One of the problems with the Chesapeake Bay is the prevalence of “dead zones,” areas so low in dissolved oxygen they can’t support life. Here’s how they happen: the Bay has an overabundance of chemical nutrients (which sounds like a good thing, but it’s not). This overabundance spurs something of an algae baby boom, rapidly increasing the density of the single-celled plant-like organisms. Though these algae release oxygen during daylight, they deplete it overnight in cellular respiration. These algae blooms eventually bring oxygen levels so low that fish and other aquatic animals can’t survive there.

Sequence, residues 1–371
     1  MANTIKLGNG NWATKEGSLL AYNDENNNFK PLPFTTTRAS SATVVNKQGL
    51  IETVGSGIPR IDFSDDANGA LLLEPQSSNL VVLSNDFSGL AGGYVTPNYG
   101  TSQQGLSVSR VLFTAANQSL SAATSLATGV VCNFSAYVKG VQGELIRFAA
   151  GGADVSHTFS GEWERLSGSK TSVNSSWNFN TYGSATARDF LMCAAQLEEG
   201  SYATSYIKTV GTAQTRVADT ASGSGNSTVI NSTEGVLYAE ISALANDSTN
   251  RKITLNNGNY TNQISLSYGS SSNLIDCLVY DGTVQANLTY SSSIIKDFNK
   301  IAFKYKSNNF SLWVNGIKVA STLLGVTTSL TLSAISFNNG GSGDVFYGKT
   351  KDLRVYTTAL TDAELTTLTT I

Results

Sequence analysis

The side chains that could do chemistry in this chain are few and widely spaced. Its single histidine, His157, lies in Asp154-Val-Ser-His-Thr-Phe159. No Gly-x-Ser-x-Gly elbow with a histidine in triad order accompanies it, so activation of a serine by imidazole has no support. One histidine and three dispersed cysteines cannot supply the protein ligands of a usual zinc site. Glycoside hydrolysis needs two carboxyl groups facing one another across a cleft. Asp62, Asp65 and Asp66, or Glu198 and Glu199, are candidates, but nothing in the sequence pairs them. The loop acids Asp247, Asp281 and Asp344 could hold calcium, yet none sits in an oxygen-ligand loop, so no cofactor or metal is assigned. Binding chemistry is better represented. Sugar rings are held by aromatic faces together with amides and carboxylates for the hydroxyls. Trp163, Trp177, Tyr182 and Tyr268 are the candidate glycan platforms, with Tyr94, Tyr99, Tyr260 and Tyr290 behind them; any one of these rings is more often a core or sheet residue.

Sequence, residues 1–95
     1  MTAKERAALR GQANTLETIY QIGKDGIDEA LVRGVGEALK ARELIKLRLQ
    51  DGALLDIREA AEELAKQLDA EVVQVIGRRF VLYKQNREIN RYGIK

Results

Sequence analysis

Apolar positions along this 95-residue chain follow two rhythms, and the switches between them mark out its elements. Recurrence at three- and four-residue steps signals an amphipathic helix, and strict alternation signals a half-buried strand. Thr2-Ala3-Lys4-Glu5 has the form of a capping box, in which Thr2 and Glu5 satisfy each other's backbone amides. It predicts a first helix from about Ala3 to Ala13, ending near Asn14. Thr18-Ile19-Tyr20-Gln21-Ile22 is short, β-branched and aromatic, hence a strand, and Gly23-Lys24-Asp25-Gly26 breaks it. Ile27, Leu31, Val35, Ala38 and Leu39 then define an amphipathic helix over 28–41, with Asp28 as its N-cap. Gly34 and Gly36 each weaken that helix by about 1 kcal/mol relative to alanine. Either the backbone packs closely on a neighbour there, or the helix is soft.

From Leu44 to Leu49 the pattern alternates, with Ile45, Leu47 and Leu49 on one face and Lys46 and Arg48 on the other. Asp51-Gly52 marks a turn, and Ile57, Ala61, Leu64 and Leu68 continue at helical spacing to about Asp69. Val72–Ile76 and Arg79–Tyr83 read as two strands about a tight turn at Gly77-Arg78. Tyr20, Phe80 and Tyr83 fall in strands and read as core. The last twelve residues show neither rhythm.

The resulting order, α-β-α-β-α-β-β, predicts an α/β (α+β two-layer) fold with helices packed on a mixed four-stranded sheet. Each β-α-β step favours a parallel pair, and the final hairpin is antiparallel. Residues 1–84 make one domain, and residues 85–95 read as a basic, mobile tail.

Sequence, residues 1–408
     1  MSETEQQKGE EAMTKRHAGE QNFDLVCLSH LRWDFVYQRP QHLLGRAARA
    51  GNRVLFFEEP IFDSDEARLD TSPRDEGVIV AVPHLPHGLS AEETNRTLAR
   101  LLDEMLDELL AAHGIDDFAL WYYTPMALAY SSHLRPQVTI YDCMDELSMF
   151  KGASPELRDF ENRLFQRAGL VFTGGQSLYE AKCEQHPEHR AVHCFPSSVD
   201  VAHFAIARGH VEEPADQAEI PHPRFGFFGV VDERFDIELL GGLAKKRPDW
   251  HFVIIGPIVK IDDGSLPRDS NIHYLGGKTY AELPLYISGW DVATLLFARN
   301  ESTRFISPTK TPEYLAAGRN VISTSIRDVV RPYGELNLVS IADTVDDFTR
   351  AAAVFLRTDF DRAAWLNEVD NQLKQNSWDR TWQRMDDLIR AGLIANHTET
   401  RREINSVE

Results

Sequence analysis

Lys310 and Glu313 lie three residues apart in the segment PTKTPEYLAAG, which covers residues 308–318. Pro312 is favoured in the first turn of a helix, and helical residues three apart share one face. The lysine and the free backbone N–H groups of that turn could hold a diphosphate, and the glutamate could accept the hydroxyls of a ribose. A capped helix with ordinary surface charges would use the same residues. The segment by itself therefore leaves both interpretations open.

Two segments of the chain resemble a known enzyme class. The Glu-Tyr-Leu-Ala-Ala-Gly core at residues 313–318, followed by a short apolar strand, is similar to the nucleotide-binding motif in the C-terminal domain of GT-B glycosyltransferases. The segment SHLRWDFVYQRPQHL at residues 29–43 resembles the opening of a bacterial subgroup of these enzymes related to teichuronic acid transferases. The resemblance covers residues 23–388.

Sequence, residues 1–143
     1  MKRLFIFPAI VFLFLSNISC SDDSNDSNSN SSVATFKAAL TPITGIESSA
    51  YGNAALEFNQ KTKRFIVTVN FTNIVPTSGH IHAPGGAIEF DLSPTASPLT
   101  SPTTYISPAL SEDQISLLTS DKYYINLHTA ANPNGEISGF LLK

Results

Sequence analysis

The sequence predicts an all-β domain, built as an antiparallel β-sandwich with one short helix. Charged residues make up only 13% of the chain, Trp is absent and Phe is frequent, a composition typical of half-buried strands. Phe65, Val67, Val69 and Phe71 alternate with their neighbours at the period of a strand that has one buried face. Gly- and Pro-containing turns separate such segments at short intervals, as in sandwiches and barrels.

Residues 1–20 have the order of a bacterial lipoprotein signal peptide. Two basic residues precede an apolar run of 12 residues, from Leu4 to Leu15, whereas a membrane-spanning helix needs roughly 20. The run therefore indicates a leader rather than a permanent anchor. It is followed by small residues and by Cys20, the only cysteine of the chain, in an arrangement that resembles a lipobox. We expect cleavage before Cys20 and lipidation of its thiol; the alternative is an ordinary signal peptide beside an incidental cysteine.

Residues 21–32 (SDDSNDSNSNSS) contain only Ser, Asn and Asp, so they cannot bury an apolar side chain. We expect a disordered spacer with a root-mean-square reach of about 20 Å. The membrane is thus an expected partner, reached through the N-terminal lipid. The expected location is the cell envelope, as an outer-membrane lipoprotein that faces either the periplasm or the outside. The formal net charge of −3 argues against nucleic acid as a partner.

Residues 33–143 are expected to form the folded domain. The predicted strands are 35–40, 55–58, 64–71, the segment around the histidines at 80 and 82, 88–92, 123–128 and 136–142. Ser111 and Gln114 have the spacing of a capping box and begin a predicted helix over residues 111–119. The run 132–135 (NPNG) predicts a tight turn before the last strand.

Now personally, I have a strict policy of not negotiating with oxygen-depleting phytoplankton. But the people at the Algal Ecothechnology Center at the University of Maryland have a plan for for overturning these dead zones that employs the very algae that create them.
Patrick Kangas, director of the Algal Ecotechnology Center, explains it as “basically a controlled algae bloom.” Water from the harbor is pumped through a channel containing algae, which steal nutrients — remember, that’s a good thing — and even add a little oxygen before the water is sent back out into the harbor.
Right now, this “algal turf scrubber” is being tried out in a little canal cul-de-sac by the Living Classrooms. But for this technique to to clean the Chesapeake by itself, Kangas estimates we would need thousands of acres of these controlled blooms. So, um, we’ll see.